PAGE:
Huey is giddy about People’s success. But then he volunteers, unsolicited, a summary of the difference between his two most important magazines. “Time magazine is about everything that matters. People is about things that don’t matter but everybody cares about.”
If I worked at People, I’d be wincing now.
When I ask which of his magazines he’d read if he weren’t at Time Inc., he declines to answer—“there’s no upside for me”—before offering an example anyhow: Sports Illustrated. And then proceeds to dig himself in deeper, saying, “There are several that I wouldn’t read. Hint: I’m not a woman.”
Hello, InStyle; hello, Real Simple: Wincing yet?
He expects to spend 90 percent of his time on the dozen biggest magazines. He doesn’t say he’d just as soon ignore the 139 others, that they’re a herd of cash cows to be milked for the benefit of Time and Fortune. There are the fifties-style crypto-Republican titles (Field & Stream, Progressive Farmer), in which canned chili is a major advertising category; the retro-British ones (Horse & Hound, Motor Caravan); and then, oddly, a few stray hepcats like Wallpaper. Compared to the old Time Inc., the portfolio seems brand-blurringly random, less prime, more Primedia.
“You want me to recite them all? Yesterday it was 152 titles; the day before, it was 155,” Huey says with a smile, seeming to imply: Yeah, it’s goofy, but it is what it is.
“Things repeat themselves so often now,” he says, “I can look back at 2000 and say, ‘I’ve seen this before.’ ” He was referring to Internet-mania redux. In fact, at Time Inc., he is in the middle of three Groundhog Day loops. It’s not just nineties déjà vu (print media now really challenged by online), but also eighties (the barbarian Carl Icahn at the gates, determined to break up Time Warner) and seventies (when the launch of People signaled the end of civilization).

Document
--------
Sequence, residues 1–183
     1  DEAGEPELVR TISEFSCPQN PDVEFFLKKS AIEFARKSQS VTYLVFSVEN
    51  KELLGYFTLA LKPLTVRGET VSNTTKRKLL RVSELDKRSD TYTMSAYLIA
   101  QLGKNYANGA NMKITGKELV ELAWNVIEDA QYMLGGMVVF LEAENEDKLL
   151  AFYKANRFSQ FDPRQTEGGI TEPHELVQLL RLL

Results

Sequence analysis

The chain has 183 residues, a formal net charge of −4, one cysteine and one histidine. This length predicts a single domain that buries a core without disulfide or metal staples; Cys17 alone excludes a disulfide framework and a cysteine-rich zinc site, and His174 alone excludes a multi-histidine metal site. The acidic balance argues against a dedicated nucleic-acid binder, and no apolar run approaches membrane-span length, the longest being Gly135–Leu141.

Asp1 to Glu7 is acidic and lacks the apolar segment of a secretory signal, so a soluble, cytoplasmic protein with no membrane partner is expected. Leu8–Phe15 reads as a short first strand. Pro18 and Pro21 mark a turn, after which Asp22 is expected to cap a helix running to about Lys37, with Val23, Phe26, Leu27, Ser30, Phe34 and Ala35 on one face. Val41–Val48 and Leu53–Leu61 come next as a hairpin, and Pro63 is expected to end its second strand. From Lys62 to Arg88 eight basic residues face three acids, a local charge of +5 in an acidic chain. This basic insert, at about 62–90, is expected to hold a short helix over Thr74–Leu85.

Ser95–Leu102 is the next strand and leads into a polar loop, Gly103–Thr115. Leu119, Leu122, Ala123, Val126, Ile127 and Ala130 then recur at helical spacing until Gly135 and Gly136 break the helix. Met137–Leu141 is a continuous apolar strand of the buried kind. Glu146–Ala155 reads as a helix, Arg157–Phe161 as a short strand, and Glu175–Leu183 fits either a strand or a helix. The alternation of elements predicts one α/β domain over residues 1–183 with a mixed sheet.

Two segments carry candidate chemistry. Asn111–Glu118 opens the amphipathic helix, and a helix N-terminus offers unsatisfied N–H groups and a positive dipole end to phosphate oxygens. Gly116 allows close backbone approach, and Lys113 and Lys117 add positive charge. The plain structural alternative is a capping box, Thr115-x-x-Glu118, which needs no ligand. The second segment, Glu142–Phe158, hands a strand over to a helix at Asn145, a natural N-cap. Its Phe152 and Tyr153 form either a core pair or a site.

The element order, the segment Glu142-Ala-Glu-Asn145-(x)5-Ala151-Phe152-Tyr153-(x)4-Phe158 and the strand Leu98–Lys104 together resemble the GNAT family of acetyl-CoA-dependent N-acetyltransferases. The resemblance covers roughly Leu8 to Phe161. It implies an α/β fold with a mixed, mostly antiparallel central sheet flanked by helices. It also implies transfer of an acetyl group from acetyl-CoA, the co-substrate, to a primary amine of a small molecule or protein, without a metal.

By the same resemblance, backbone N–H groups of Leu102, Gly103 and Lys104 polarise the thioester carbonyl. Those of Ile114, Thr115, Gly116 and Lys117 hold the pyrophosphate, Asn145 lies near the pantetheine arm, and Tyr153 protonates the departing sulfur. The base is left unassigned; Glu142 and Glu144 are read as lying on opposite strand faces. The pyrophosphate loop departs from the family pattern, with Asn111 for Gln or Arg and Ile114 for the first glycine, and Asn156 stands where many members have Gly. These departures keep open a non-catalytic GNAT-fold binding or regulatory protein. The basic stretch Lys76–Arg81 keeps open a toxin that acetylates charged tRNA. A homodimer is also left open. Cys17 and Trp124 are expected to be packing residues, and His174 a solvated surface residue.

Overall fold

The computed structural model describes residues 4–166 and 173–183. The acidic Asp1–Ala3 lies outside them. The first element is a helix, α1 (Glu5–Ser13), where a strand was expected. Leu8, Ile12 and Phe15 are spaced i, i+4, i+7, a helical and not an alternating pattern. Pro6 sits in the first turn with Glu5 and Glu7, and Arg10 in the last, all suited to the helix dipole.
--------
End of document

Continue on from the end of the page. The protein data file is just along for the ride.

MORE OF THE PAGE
During the last moments of the bubble, the company acquired the “New Economy” magazine Business 2.0 for $68 million. “Which, in retrospect,” Huey says, referring to the price, “doesn’t look so smart. But then, what dot-com-era investment in the media business does?” They’ve sunk another $40 million or so into it. His faith does not seem robust. “I think the magazine will probably survive.” (At Business 2.0, they just winced.)
But Huey keeps the New Economy religion—that is, agnosticism—about media platforms. I ask if he has plans for any purely digital launches. “We’re gonna have one very shortly. It isn’t a magazine, it isn’t even journalism. Everyone will say, ‘What would Henry Luce think of this?’”
Everyone said that in 1974 about People, but also two decades earlier when SI was launched, and two decades before that about Life. And when Time invented the newsmagazine, many considered it a debased journalistic mutant. Time Inc.’s evolutionary DNA requires it always to suss out the next great vulgar media form, execute it well, and make it respectable.
About Huey’s imminent vulgar launch online, “Everyone will say, ‘Why is Time Inc. involved?’ Don’t forget, Time Inc. started HBO.” It’s a site being created by former Maxim editor Mark Golin to serve up funny—read: rude, bawdy—short animations and videos to slackery young male office workers. Someone somewhere is wincing.
Under the Huey regime, there will be new paper magazines as well. He says he’s obliged to “find launches that will matter.” During the past two years, the three U.S. launches were Cottage Living, the Wal-Mart women’s magazine All You, and—once more into the breach—Life.
The reanimated Life is distributed as a weekend supplement in 80-odd newspapers—a curious business model to embrace at this moment in media history, a remora attaching itself to an endangered species. “Life is probably the last—if it works—mass play in magazines for a long time.”
Forever, I say.
I ask him, given Life’s splendor when he was young, if it isn’t a bit of a bummer to be presiding over this measly, attenuated thing called Life?
Now he winces. “Do I have to answer that?” It’s depressing, but it is what it is.
Near the end of our breakfast, I ask about the Future of Magazines. “The big question in everyone’s mind [at Time Inc.],” he says, “is how much [of the present struggle] is cyclical and how much is secular.”
A lot is secular—that is, permanent. We would like to believe that Internet-versus-print is analogous to TV-versus-radio in the fifties: The new doesn’t necessarily wipe out the old. But I think paper media today are more like sailing ships around 1860—still dominant but enjoying their last hurrah. I think it’s late in the magazine era. “I hope not,” says Huey. “If I thought they were dead, I’d do something else.” My elegiac turn has made this funny, enthusiastic man a little morose. “And [Time is] something that most people in America want to see survive, even if they don’t know it.”
He’s right about that, of course. Although I had never even broached the possibility of Time’s death.